Princeton University Library Catalog

The Aztecs at independence [electronic resource] : Nahua culture makers in central Mexico, 1799-1832 / Miriam Melton-Villanueva.

Melton-Villanueva, Miriam [Browse]
Tucson : The University of Arizona Press, 2016.
1 online resource (pages :) illustrations, maps.
UPCC book collections on Project MUSE. [More in this series]
Summary note:
This manuscript offers the first internal ethnographic view of central Mexican indigenous communities at the critical time of Independence. Melton-Villanueva uses previously unknown Nahuatl-language sources--primarily last will and testaments--to provide a more comprehensive understanding of indigenous society during the transition from colonial to post-colonial times. Describing their own world, Nahuatl-speaking women and men left last wills in their own tongue during an era when the written tradition of their language was generally assumed to have ended. In testaments clustered around epidemic cycles, they responded to profound changes in population, land use, and local governance with astonishing vibrancy. At the moment of Independence, after an entire colonial period of legal decrees aimed at eradicating indigenous languages, local notaries began to adopt Spanish as a means of preserving their communities' interests. The careful work of the notaries themselves allows a window into the development of modern Mexican Spanish, its unique character founded in indigenous concepts of space, time, and grammar--Provided by publisher.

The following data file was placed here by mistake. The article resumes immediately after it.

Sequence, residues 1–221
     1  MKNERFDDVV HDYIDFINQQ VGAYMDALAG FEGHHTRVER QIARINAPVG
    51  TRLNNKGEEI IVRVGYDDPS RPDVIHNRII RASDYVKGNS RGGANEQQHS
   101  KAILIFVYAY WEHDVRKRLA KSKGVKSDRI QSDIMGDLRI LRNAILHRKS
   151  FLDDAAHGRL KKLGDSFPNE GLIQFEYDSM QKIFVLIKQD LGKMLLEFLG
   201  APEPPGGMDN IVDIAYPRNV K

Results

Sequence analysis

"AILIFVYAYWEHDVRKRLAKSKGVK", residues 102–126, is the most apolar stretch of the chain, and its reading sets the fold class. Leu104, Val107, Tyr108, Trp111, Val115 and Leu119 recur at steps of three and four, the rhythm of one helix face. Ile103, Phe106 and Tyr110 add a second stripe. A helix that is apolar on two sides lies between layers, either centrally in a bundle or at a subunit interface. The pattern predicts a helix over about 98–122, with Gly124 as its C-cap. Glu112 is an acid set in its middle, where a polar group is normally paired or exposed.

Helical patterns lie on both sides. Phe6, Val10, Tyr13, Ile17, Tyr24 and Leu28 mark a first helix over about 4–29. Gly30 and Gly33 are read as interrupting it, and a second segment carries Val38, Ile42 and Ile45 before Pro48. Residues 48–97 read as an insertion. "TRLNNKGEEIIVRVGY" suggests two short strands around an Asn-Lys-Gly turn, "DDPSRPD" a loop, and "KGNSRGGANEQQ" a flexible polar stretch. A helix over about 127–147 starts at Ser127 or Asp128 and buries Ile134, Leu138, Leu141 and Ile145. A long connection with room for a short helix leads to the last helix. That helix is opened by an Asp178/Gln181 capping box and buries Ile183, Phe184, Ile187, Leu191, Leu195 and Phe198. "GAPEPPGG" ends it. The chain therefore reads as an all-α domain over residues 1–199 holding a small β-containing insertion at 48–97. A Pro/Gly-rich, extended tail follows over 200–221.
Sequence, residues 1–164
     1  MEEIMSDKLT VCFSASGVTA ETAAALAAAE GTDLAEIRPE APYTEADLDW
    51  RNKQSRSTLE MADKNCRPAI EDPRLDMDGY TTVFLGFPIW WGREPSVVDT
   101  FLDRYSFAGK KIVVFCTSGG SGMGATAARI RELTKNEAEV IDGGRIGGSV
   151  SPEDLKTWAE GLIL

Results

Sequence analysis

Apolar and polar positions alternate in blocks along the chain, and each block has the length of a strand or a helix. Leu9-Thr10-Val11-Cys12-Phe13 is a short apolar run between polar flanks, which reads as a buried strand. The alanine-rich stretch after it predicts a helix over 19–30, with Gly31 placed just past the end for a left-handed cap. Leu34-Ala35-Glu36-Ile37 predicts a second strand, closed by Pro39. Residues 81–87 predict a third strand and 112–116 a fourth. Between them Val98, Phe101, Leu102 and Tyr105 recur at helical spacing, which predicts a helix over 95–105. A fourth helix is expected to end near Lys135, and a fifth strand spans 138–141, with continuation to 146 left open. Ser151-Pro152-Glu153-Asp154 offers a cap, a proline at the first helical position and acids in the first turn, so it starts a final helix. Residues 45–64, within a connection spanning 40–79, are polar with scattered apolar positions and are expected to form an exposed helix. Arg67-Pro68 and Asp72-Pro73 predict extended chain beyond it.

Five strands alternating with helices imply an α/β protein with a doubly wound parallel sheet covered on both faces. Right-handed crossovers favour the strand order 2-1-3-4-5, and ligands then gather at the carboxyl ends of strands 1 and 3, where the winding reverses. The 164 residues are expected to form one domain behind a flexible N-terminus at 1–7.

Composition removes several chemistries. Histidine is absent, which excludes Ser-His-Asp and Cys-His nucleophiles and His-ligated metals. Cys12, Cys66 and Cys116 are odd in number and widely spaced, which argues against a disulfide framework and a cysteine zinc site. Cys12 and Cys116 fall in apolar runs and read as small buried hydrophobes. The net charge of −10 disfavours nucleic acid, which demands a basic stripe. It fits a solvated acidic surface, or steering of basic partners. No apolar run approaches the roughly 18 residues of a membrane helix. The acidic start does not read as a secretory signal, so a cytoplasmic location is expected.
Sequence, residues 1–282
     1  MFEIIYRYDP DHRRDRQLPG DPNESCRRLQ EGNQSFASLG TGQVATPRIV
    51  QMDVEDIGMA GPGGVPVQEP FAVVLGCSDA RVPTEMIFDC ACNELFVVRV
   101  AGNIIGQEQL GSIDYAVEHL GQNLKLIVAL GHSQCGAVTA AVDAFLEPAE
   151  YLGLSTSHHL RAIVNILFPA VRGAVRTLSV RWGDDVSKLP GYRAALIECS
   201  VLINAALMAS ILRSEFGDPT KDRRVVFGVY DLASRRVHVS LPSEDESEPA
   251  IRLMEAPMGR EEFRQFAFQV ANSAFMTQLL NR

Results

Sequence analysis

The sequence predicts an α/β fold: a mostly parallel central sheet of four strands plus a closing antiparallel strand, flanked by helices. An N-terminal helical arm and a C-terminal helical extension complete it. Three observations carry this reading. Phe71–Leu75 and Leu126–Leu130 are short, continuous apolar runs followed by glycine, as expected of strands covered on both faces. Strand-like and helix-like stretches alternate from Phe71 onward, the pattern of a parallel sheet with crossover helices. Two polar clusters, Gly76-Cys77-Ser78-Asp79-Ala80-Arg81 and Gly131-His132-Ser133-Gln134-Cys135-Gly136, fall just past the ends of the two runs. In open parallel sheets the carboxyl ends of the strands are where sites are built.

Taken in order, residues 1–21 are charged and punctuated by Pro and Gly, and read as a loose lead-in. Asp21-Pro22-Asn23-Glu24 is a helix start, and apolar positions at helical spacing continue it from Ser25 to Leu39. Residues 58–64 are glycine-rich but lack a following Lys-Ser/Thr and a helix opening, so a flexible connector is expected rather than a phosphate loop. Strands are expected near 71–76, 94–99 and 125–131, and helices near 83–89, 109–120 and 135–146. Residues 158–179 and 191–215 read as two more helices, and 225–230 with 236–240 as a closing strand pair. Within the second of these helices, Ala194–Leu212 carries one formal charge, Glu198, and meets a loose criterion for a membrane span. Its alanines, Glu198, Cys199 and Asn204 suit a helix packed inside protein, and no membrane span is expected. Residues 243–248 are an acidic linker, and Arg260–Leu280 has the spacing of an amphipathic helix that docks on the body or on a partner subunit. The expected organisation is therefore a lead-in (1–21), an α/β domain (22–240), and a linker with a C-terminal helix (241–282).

Revised edition of author's dissertation.
Bibliographic references:
Includes bibliographical references and index.
Source of description:
Description based on print version record.
  • History.
  • Sources.
  • 9780816534630 ((electronic bk.))
  • 0816534632 ((electronic bk.))
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